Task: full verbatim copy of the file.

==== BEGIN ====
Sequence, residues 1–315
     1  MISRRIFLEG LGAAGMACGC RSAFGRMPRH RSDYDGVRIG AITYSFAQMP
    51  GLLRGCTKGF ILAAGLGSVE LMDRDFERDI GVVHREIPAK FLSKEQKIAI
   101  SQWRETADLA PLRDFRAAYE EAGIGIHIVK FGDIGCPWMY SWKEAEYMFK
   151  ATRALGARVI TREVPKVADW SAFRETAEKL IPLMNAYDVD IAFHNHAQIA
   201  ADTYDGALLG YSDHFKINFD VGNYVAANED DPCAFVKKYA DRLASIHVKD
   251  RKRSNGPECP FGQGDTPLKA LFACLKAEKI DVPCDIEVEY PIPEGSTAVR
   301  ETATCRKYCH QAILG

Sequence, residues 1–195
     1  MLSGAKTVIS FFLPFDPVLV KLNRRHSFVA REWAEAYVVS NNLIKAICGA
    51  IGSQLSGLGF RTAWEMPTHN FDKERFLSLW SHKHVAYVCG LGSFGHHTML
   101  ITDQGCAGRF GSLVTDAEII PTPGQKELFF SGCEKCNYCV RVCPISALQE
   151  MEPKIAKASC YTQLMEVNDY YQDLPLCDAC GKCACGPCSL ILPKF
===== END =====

Sequence, residues 1–315
     1  MISRRIFLEG LGAAGMACGC RSAFGRMPRH RSDYDGVRIG AITYSFAQMP
    51  GLLRGCTKGF ILAAGLGSVE LMDRDFERDI GVVHREIPAK FLSKEQKIAI
   101  SQWRETADLA PLRDFRAAYE EAGIGIHIVK FGDIGCPWMY SWKEAEYMFK
   151  ATRALGARVI TREVPKVADW SAFRETAEKL IPLMNAYDVD IAFHNHAQIA
   201  ADTYDGALLG YSDHFKINFD VGNYVAANED DPCAFVKKYA DRLASIHVKD
   251  RKRSNGPECP FGQGDTPLKA LFACLKAEKI DVPCDIEVEY PIPEGSTAVR
   301  ETATCRKYCH QAILG

Sequence, residues 1–195
     1  MLSGAKTVIS FFLPFDPVLV KLNRRHSFVA REWAEAYVVS NNLIKAICGA
    51  IGSQLSGLGF RTAWEMPTHN FDKERFLSLW SHKHVAYVCG LGSFGHHTML
   101  ITDQGCAGRF GSLVTDAEII PTPGQKELFF SGCEKCNYCV RVCPISALQE
   151  MEPKIAKASC YTQLMEVNDY YQDLPLCDAC GKCACGPCSL ILPKF